The opinion of the court was delivered by: LORD, III
On December 9, 1957, relator was arraigned in the Court of Quarter Sessions of Philadelphia County on three bills of indictment, -- Nos. 1051, 1089 and 1090, August Sessions, 1957. He was represented by Robert J. Thompson, Esquire, a member of the staff of the Voluntary Defender. Bill No. 1051 charged defendant with aggravated robbery. Nos. 1089 and 1090 charged robbery and assault and battery with intent to murder. To these last two bills, defendant pleaded not guilty, was tried and convicted by a jury. As to No. 1051, the state record shows the following:
'Defendants Joseph B. Williams and Eugene R. Hariston arraigned at the Bar of the Court on Bill No. 1051, plead as follows: Joseph B. Williams pleads guilty.
'MR. THOMPSON: The defendant, Eugene Hariston, pleads guilty except as to the amount taken, Your Honor.'
Relator urges constitutional infirmities in connection with the convictions (by plea on No. 1051) and sentences imposed under all three bills. However, the sentences on Nos. 1089 and 1090 have not yet commenced, so that relator is not presently in custody under those sentences. A district court has no power to consider the merits of a habeas corpus petition challenging a conviction on which service of sentence has not yet begun ( Palumbo v. State of New Jersey, 334 F.2d 524 (C.A. 3, 1964); Gailes v. Yeager, 324 F.2d 630 (C.A. 3, 1963)) even though the relator's contentions as to the later sentences may be correct. Ingenito v. State of New Jersey,238 F.2d 935 (C.A. 3, 1956). Hence, I may consider only the attack on the conviction by plea under Bill No. 1051.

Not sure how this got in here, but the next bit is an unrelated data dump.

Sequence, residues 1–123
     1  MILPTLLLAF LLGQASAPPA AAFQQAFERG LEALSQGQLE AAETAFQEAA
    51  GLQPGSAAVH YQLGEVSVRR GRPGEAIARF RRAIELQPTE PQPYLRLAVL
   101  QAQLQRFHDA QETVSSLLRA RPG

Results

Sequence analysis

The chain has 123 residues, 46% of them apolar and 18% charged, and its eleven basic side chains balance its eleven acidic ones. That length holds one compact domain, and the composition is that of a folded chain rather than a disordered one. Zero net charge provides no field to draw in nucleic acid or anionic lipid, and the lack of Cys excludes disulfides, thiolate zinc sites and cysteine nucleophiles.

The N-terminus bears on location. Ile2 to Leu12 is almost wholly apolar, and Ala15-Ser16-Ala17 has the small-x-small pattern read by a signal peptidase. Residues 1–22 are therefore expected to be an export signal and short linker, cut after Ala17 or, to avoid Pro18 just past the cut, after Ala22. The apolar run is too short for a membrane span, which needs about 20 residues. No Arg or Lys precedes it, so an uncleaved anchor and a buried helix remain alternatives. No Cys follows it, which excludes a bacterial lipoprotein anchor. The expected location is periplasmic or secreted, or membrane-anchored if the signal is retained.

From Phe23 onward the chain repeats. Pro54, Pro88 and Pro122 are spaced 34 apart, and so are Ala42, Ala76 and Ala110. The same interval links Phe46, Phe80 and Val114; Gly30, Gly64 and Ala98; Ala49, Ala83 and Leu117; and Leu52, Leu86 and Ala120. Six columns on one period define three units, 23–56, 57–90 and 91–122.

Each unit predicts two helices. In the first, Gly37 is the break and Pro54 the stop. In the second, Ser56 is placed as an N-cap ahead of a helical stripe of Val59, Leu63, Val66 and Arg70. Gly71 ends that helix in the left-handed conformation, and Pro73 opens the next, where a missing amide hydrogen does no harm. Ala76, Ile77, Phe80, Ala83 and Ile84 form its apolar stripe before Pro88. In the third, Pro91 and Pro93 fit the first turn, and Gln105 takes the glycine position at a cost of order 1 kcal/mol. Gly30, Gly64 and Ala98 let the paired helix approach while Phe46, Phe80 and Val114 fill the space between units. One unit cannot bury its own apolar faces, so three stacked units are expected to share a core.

Relator urges several grounds which he says invalidate the conviction and sentence under that Bill:
1. That he was coerced by Philadelphia County detectives into signing a statement admitting his guilt under the mistaken belief that he was admitting only to receiving stolen goods;
2. That his plea of guilty was brought about by psychological pressure, fraud, coercion and the promise of leniency;
3. That his plea was entered under the mistaken belief that he was pleading guilty to receiving stolen goods;
4. That his plea was entered by his counsel and not by himself;
5. That the judge heard no evidence, and there is none in the record, as to the facts or nature of the crime.
Hairston testified before me that he was interviewed by Detectives Washington and Bullock in Mocksville, S.C. When he denied being involved in a robbery with one Joe Williams, Washington tightened his handcuffs and Bullock smacked him on the side of the head. Finally, he said, Washington reached into his briefcase and pulled out a paper with typing on its which Hairston signed, believing he was admitting to receiving stolen goods. This evidence was contradicted by the testimony of Detective Washington, who testified that Hairston was not struck and that he was not handcuffed during the interrogation.
I accept as true the testimony of Detective Washington, and find that Hairston's confession was not coerced. I further find that the statement was read to the relator, that he made and initialed certain corrections ...